Move over, Florida Man, and make room for feral Florida monkeys with herpes

Back in 1938, a local Florida cruise operator called Colonel Tooey — "Colonel" was in fact his first name, according to the New York Times — let loose about a dozen rhesus macaque monkeys onto a man-made island inside Silver Springs State Park. According to National Geographic, Colonel had big plans to build a Tarzan-themed attraction there.

But naturally, the monkeys escaped, and over the years, multiplied. The International Primate Protection League tried to keep their eye on them, and they (apparently) became a bit of a tourist attraction. Eventually, wildlife officials tried to tame the population, approving the removal of more than 1,000 of these feral macaques. As of 2018, a study in the Journal of Wildlife Management estimated that there were still around 300 of them now roving around the strip malls of suburban Florida. And some of them have migrated more than 100 miles away, as far as Jacksonville.

And about 30 percent of the remaining feral rhesus macaques also have Herpes-B, also known as "monkey herpes."

Monkey herpes is rare in humans, with only about 50 known cases (none of which were actually contracted from monkeys). But it can kill a person in just six weeks.

More and more of these rhesus macaques have been found roaming around residential neighbors in Florida. While they tend to be pretty skittish, they can also get aggressive around humans; they've even been known to organize mass raids of deer feeders in Florida. So local authorities are raising red flags, in hopes of preventing the inevitable Florida-Man-Gets-Bitten-By-Feral-Herpes-Monkey headlines. Read the rest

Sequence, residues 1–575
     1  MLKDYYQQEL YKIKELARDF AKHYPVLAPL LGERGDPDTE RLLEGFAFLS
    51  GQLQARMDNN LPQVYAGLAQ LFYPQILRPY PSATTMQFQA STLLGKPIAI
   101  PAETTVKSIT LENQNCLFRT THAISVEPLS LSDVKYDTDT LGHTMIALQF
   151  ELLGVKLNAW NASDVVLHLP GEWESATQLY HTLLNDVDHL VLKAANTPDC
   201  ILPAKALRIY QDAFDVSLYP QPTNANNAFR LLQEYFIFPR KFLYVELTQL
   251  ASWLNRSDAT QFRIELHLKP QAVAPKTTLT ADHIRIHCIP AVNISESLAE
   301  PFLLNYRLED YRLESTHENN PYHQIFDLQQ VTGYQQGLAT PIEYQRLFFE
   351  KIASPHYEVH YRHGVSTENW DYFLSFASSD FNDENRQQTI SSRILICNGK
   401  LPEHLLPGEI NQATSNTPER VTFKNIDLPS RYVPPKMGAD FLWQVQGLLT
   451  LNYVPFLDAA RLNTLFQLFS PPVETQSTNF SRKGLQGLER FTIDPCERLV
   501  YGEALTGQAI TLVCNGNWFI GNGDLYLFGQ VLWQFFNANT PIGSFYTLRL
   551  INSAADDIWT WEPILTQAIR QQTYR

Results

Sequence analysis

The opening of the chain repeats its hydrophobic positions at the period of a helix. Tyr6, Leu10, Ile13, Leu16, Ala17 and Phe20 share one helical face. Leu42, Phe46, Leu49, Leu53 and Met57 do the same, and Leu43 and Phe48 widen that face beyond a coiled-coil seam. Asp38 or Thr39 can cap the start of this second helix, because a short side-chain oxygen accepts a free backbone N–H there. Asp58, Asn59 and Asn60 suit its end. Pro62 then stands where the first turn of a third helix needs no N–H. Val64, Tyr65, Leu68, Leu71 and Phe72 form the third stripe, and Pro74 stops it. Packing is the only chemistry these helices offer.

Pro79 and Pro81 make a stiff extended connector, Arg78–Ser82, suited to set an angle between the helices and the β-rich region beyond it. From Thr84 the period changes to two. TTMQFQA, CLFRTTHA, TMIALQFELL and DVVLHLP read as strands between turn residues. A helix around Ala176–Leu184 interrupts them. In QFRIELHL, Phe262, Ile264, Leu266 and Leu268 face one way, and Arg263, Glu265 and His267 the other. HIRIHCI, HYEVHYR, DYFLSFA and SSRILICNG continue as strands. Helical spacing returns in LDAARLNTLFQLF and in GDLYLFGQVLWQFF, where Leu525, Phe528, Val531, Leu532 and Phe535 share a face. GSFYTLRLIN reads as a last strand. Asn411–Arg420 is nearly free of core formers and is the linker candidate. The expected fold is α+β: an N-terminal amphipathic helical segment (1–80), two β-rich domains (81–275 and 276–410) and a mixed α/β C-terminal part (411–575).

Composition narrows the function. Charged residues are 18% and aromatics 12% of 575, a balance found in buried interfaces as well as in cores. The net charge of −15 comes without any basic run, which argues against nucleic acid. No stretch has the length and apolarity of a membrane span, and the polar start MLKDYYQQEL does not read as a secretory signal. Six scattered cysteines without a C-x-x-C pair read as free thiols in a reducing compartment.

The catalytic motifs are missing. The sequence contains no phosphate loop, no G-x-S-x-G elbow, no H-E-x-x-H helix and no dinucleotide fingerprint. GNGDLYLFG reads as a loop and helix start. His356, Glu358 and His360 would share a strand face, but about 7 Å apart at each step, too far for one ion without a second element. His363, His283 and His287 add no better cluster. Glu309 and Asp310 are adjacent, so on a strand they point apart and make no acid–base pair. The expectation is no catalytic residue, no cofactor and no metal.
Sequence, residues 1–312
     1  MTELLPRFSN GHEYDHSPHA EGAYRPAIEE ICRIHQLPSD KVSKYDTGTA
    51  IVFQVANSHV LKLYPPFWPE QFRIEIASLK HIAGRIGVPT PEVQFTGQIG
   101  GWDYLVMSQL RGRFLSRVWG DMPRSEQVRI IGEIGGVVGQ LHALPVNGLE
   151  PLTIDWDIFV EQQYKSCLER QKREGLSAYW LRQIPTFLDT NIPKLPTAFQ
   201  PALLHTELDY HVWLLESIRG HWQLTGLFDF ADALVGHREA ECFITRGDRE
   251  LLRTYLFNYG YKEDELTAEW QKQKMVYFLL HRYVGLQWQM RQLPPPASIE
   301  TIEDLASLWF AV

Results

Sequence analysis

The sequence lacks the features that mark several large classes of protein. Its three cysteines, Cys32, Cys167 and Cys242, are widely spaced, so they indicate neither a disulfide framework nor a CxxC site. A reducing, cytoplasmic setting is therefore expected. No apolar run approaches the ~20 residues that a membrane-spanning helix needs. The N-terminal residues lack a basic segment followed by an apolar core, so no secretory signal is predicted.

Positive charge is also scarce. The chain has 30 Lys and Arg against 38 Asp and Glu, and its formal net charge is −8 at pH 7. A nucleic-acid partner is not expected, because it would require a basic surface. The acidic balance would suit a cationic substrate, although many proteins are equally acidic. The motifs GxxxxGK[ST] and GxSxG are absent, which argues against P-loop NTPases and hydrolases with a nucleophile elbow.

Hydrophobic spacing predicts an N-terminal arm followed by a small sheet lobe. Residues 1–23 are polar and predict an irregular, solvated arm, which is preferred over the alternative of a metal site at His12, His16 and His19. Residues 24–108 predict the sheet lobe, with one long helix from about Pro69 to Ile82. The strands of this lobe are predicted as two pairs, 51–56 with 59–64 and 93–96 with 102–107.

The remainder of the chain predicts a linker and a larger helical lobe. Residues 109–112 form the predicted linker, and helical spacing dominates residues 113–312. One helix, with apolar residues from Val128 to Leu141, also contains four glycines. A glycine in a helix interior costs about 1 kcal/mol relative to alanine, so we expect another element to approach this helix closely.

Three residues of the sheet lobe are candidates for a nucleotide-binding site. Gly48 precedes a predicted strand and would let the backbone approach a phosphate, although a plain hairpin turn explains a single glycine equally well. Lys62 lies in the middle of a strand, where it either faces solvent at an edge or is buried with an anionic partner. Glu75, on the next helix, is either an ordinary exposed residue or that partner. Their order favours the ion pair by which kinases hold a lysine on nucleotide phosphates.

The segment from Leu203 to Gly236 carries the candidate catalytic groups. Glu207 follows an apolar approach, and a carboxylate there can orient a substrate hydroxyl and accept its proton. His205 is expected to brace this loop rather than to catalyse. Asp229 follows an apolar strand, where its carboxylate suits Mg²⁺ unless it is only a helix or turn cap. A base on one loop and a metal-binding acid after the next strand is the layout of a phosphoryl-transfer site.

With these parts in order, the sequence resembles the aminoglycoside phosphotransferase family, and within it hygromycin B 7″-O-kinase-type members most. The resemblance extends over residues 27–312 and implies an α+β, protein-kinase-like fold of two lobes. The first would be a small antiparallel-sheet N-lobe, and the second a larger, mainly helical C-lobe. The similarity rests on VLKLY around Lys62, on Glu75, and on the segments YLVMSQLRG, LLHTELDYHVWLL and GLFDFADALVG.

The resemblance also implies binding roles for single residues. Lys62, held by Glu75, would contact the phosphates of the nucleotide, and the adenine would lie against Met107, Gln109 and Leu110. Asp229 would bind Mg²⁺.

Watch Shingle Jingle, the best way to experience shingles

Brian David Gilbert is the anxiety-laden voice of a generation in Shingle Jingle, the most upbeat song ever written about suffering from shingles outbreaks. Read the rest

Forget scarlet fever: What really blinded Mary Ingalls

Anybody who has spent much time with children's literature knows that scarlet fever blinded Mary Ingalls.

But scarlet fever doesn't cause blindness.

Mary really did become blind, though, in real life as well as in the books, so what was the real culprit? A paper published this week in the journal Pediatrics speculates that it could have been viral meningoencephalitis — inflammation in the brain and in the membranes that surround the central nervous system.

There are several possible causes. In Europe and Asia, ticks can spread a virus that causes meningoencephalitis. West Nile virus can cause it, as well. So can the mumps. And so can herpes simplex type 1 — the oral herpes virus that is present in the vast majority of people.

Which means that this story not only has ties to the other Little House history pieces we've run here at Boing Boing — the meteorology of the Long Winter, and the crazy connection between the Ingalls' and a family of serial killers — it's also, possibly, another example of a heroine from children's fiction who had herpes.

The full paper, sadly, is behind a paywall. But The New York Times' Motherlode blog has a nice summary of it.

Image: Wikipedia editor Lrcg2012, via CC

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Legos and green army men show you how cold sores work

In a follow up to my feature on oral herpes, University of Texas biology professor Chris Sullivan explains how the virus that causes cold sores hides in your body.